No doubt everyone will have worked out how much better or worse off they are after the PBR but even those who believe they are better off must bear in mind that all this extra borrowing will have to be paid for by higher taxes in the future.
Deflation is what the government is most scared of as it is deeply damaging and self-perpetuating. If consumers believe that prices are going down they delay spending to buy later. By putting money in their pockets now, Darling is hoping that they will continue to spend and thus avoid the even greater levels of unemployment that will occur if they stop.
With the battle lines drawn we should see an increasingly obvious difference in the parties’ policies, which in turn will make it more obvious which party is going to win the next election. Prime Minister Gordon Brown has seen a bounce in his popularity since he took decisive action to tackle the banking crisis but unless there is clear evidence next year that his policies are working he will be out of a job. If there are signs that the latest package of measures is working, expect a snap election in 2009. Otherwise it will be delayed until 2010 and the likelihood of a Conservative government will increase.
Extract from chancellor Alistair Darling’s PBR speech
Mr Speaker, I want to take steps to improve the supply of mortgages, avoid repossessions and increase the number of new homes.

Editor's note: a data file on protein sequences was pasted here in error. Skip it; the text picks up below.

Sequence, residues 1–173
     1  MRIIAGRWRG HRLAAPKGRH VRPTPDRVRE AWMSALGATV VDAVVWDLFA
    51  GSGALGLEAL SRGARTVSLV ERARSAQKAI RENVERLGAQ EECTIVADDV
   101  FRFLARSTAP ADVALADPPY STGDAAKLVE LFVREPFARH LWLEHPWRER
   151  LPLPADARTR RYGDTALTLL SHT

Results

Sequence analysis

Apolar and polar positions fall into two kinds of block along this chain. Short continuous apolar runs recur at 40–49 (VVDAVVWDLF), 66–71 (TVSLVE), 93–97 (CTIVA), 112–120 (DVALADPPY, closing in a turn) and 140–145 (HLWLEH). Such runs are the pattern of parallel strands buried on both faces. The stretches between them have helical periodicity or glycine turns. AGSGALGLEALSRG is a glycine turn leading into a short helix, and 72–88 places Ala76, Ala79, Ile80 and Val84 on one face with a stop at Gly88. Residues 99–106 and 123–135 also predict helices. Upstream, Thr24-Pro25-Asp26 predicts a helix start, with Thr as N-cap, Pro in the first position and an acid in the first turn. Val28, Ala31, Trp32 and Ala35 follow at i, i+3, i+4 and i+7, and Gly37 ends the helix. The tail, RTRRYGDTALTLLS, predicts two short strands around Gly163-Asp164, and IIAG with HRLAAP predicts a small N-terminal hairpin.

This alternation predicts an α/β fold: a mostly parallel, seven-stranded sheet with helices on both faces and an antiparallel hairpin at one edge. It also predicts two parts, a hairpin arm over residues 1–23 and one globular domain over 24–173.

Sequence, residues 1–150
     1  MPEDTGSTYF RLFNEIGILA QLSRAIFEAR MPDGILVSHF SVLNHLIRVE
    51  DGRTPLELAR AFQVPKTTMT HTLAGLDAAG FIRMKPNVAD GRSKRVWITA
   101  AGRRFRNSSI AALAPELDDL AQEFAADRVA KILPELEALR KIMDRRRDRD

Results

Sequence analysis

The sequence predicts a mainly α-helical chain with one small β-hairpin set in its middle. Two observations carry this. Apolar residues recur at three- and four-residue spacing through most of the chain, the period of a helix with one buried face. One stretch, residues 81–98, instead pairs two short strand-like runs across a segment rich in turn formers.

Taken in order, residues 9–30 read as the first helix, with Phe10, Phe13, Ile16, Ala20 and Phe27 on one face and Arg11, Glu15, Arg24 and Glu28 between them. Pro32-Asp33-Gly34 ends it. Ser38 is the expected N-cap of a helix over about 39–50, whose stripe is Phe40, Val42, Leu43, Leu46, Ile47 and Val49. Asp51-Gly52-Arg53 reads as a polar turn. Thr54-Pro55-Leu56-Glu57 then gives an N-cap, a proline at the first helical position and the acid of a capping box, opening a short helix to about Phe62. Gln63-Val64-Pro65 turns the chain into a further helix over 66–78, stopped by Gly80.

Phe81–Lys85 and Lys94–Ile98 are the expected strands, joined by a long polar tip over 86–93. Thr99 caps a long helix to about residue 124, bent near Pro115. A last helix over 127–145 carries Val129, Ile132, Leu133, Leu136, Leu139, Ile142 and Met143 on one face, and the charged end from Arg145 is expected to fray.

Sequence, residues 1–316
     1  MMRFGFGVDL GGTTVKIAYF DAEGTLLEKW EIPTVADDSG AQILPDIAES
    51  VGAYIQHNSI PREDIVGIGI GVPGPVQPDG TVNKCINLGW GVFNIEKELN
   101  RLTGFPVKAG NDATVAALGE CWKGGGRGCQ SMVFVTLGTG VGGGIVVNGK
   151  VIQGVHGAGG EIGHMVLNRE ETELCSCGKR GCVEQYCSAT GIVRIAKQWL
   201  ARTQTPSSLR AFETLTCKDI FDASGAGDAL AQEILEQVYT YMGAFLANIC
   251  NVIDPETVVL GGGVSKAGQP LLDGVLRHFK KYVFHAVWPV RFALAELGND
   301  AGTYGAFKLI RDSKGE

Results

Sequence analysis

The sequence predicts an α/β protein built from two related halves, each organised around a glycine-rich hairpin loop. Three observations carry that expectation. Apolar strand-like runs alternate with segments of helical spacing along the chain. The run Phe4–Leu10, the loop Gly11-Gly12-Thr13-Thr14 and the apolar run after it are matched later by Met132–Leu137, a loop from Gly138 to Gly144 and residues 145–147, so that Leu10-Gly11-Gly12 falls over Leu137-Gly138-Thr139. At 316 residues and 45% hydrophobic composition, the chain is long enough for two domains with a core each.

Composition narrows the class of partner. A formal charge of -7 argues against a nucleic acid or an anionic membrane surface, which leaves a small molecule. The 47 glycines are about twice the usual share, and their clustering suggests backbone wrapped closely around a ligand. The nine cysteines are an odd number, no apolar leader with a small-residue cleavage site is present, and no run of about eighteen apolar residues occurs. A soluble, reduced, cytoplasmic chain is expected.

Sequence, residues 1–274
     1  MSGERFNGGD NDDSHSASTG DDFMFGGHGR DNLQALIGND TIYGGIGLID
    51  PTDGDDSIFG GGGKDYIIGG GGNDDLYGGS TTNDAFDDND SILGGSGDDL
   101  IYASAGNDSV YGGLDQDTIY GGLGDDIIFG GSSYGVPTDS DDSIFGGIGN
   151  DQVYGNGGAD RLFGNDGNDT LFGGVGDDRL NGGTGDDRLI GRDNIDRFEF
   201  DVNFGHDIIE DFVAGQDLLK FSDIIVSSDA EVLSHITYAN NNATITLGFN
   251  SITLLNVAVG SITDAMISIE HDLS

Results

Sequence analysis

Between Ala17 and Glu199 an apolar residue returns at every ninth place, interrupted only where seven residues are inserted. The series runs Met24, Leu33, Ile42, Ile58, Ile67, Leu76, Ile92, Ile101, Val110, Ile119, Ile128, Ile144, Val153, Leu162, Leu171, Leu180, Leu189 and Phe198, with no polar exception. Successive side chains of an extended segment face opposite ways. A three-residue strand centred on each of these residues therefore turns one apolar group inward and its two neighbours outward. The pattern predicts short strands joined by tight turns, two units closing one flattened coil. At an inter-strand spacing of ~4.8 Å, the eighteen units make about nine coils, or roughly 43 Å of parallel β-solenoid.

Today, I can set out proposals to do this.
The current problems in the housing market are a result of the credit crisis, which has drastically reduced the opportunities for people to get a mortgage loan.
Last month I took decisive action to recapitalise the banks so they can maintain the availability of lending including mortgages.
Today I welcome the publication of Sir James Crosby’s report on finance in mortgage markets.
His principal recommendation is that the government support the mortgage market by providing, for a temporary period, guarantees for securities backed by new mortgages. I share Sir James’ concerns about the availability of mortgage finance.
To implement Sir James’ recommendation, the government would need to obtain State Aid approval from the European Commission and resolve some technical and practical considerations.
But we will proceed to work up a detailed scheme based on his recommendations and seek State Aid approval to proceed.
I will also take into consideration the interaction between this proposal and the Credit Guarantee Scheme. I will report back by the Budget.
Mr Speaker, I am setting up a new body – the lending panel – which will monitor lending to both business and households.
It will bring together the government, lenders, trade bodies, consumer groups, regulators and the Bank of England to monitor lending levels and practices by banks. And we intend to consider how else we can help ensure that those in work but facing financial difficulties can remain in their homes.
It is not just the availability of new mortgages which is a problem in the housing market. It is also fears about meeting the cost of existing home loans.
Mr Speaker, it is right that in these cases repossession should be the last resort. I am pleased to say that this has been recognised by the lenders.
The major lenders have agreed today that, where someone is facing repayment difficulties with their home mortgage, they will wait at least three months after the borrower falls into arrears before initiating repossession proceedings.
This will give home owners time to work with lenders to find a solution.